One Second

One Second

How long does it take to change the world?  It’s a question that men have been asking themselves since the beginning of time.  Can it be measured in the millennia of continental shift and upheaval?  Can it be measured in the centuries of rising and falling Empires?  Can it be measured in the decades of one man’s influence on world affairs?  No – the answer to the question is far shorter.  One second.  Not that long even, when you really get down to it.  One second is all that marks the space between “before” and “after”.  Before a child dies, and after.

Last week, a friend of my son named Jonathan was killed in a tragic playground accident.  It was a senseless, random event.  My son was one of the boys playing with him at the time, and was the one who ran to get the teachers and nurse.  I cannot even begin to understand the magnitude of the pain and loss his family feels.  What we are feeling is overwhelming almost to the point of incapacitation, and our son is still safe and healthy and here.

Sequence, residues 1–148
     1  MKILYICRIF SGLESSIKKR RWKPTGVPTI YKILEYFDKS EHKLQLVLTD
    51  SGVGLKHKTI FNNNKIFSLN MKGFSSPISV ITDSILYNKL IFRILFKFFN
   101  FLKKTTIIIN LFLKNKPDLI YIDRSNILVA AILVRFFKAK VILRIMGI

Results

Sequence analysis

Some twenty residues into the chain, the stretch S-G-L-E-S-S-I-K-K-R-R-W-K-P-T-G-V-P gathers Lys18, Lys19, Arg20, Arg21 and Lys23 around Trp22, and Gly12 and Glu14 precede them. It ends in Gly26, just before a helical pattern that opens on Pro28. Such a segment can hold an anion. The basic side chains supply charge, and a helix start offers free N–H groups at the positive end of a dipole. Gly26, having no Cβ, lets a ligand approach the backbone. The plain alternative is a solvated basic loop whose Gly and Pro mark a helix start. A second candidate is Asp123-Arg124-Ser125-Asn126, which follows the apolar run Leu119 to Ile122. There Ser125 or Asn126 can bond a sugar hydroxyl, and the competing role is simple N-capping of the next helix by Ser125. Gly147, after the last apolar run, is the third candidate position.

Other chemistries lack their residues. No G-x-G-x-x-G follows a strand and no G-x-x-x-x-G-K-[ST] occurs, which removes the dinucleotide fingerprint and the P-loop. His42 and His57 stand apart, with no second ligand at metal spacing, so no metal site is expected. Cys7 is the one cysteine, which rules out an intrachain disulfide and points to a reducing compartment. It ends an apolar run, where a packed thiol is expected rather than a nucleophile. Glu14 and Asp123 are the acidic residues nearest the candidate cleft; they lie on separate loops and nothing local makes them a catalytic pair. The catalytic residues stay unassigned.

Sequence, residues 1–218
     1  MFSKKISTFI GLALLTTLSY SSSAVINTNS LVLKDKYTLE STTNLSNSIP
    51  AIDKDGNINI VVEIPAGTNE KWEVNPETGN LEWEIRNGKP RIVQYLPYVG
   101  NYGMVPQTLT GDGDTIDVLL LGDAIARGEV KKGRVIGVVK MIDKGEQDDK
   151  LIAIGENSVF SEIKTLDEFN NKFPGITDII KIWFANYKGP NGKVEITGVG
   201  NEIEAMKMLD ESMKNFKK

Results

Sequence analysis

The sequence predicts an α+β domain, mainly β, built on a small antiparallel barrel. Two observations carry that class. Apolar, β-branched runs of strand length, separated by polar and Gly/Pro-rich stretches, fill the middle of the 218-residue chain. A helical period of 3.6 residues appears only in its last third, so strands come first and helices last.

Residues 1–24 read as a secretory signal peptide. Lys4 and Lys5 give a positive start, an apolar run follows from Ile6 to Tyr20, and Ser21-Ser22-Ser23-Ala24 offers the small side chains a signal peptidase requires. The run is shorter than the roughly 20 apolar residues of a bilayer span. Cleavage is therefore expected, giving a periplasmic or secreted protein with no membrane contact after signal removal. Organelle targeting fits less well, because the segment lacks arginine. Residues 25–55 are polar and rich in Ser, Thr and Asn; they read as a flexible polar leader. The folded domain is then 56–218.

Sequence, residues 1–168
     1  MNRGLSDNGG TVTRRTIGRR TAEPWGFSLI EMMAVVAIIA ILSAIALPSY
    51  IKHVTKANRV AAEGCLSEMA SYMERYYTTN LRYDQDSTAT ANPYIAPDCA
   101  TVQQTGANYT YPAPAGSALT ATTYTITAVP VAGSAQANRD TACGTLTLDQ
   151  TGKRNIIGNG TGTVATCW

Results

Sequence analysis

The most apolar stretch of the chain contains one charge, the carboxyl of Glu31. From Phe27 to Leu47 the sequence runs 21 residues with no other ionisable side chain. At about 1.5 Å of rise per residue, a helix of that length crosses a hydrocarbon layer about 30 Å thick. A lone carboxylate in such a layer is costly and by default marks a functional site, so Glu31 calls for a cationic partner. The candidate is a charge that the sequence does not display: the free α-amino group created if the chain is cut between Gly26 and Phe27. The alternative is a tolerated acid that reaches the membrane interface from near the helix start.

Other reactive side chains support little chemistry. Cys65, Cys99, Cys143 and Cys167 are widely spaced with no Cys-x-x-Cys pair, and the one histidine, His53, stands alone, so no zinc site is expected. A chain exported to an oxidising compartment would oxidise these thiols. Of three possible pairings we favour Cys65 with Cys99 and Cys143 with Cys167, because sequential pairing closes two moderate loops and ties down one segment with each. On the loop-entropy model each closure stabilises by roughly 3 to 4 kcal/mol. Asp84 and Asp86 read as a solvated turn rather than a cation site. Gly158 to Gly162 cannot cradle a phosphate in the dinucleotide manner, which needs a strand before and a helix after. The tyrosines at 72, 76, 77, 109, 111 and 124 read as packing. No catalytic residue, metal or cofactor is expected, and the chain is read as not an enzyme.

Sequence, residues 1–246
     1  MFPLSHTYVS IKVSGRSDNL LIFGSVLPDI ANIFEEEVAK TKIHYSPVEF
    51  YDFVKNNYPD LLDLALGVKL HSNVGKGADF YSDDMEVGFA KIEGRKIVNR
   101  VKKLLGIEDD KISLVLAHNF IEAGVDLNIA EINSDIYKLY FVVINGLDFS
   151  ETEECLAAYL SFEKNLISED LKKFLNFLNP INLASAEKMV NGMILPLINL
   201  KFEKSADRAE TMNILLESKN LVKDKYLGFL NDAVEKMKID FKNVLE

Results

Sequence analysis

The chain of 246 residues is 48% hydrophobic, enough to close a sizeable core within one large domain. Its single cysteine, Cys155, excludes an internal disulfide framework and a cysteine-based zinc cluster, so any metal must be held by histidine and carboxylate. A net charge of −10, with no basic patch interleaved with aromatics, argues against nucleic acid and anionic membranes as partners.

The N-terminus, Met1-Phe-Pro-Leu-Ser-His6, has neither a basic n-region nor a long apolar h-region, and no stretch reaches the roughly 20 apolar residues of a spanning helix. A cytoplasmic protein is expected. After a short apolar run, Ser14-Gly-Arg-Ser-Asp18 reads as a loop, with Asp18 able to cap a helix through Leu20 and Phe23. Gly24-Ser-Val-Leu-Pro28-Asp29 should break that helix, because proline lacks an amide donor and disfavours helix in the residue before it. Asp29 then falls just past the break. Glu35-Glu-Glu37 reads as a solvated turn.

I understand that death is a part of life – we all do.  But the death of a child is something that cuts to the quick of everyone’s soul.  This boy was only 9 years old; he had his entire life ahead of him.  Now, in the blink of an eye – in one single second – it’s gone.  I still just can’t seem to get my head wrapped around that; it doesn’t fit.  These are the things that happen to other people – the ones on TV, or in books, or in movies.  They don’t happen in your hometown, and they surely don’t happen to you and your friends.

I have found myself thinking about all the things this boy will never know.  His first kiss.  Getting his driver’s license.  His first love.  Graduating from high school and college.  The joy of having children of his own.  Here is an entire life gone in a single second.  How do you tell your own children about that?  How do you explain the why of it all?  How do you mourn?

My son is a sensitive soul – he was lucky enough to get that from his mother.  He feels things intensely, and the death of his friend has hit him very hard.  He tries to hide it at times and at others he is able to lose himself in a book or video game.  Still, that day on the playground is lurking there in his mind and sneaks up on him when he isn’t looking.  It’s something he will take with him for the rest of his life.